So you did it. You signed up for your first obstacle endurance race.
You’re ready for the challenge. Your team named is picked. You picture yourself crossing the finish line.
There is nothing that can stop you from this! Well, except one thing: how in the heck do I train for this?
Whether you’re going to be a Tough Mudder, a Spartan, or a Warrior, one thing for sure is logging some extra elliptical time and bench press reps isn’t going to cut it!
When I signed up for my first race, I thought if I can make the miles I’ll be set; I couldn’t have been more wrong!
Yes, cardiovascular endurance is key to these challenges, but you will most likely be climbing, jumping, swinging, and crawling through barbed wire and mud for this challenge; logging miles isn’t going to be enough!
Depending on the location of your race, there are many different obstacles you’ll face; both mentally and physically. So I’ve put together tips and a glimpse of my training to get you prepared!
5 things to do for your first obstacle race:
Get the gear. Whether 12 miles or 6; depending on your normal gym gear is the first mistake for your big race. My essentials? Gorilla gloves, thick compression style pants, shoes with traction that are light weight, and glasses or goggles.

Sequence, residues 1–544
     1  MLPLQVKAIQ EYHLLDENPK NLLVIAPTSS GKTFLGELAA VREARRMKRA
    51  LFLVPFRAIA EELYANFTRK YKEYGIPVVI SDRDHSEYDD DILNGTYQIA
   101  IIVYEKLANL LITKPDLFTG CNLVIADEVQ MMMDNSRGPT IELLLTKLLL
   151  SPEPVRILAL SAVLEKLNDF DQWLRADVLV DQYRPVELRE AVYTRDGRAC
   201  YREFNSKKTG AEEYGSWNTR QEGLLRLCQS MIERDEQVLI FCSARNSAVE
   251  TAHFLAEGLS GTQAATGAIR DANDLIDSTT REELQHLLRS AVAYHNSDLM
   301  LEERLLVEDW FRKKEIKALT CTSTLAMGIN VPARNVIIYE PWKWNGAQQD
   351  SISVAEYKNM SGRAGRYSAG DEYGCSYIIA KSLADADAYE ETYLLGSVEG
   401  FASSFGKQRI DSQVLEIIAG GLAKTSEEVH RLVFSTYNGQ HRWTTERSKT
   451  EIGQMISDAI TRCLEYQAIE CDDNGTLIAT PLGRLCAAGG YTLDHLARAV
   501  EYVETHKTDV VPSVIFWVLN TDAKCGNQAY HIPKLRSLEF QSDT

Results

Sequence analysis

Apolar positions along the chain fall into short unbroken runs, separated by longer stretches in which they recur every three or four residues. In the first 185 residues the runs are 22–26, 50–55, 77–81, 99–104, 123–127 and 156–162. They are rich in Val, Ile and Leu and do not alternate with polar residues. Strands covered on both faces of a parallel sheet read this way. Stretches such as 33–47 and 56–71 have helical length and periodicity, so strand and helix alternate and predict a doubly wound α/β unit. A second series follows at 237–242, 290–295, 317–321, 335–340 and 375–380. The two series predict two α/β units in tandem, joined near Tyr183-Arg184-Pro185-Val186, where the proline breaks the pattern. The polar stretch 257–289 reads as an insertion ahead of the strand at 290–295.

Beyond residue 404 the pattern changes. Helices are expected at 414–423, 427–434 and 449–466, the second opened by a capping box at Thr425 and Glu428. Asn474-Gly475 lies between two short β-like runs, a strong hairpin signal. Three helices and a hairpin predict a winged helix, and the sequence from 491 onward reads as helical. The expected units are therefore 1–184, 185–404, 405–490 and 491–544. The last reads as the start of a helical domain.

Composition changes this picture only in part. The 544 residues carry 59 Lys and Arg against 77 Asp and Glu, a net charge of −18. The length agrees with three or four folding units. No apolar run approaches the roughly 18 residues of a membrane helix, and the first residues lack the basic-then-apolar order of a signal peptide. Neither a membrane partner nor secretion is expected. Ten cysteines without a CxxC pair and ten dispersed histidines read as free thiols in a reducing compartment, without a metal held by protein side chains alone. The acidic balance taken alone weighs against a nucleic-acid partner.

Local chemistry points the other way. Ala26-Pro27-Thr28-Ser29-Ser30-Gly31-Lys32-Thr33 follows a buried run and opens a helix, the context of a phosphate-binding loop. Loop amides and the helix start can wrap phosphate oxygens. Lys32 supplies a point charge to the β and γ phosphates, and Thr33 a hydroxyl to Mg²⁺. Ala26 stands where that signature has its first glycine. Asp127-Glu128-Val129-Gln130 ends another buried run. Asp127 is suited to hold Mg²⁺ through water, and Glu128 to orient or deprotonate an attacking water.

Bottom Line: protect your body at all times. That includes hands, legs, eyes.
Talk the talk, walk the walk. Unless marathons or obstacles courses are part of your yearly training; dedicate time to training. Too many times, races can creep up on you, make sure to give yourself adequate time to train for success. I soft outline of training should be 3 weeks for every mile your race calls for.
Hydrate! The biggest struggle for most of the races is well, getting through them! During my first race, I saw multiple competitors sidelined because of cramping and dehydration. Make sure to keep your hydration up through training, pre-race, and post.
Axis Labs NGAGE is always a staple in my training routine; but this product literally saved me before and during my race! With muscle recovery and hydration vital to my race performance, this product is my go to!
Carb load. Think you’re going to run up and down a mountain for 12 miles on a banana? Think again.
Carbohydrate loading is a vital process to how your body responds on race day. I start a light carb load of 40-50 extra grams two days prior to the day before the race. The day before, I adjust my carbs to 70-90 grams extra from my normal daily nutrition.
By the way, NASCAR doesn’t fuel its race cars with cheap gasoline, the same thing goes for you! Fuel yourself with nutrient dense, sustainable carbs like sweet potatoes, quinoa, and brown rice for race day.
Don’t just run. In my experience, most of my races I never got the opportunity to log more than 3 straight miles. Between waiting in line for other teams or grinding out inclines and climbs; your biggest challenge isn’t going to be the miles; it’s what’s between them.
Make sure you add variety to your training to anticipate any obstacle thrown at you!
So know that you have an idea of what to prepare for in the big race; let’s get started!
Check in next week to see a glimpse of a full week of my training, getting prepared for the Colorado Tough Mudder.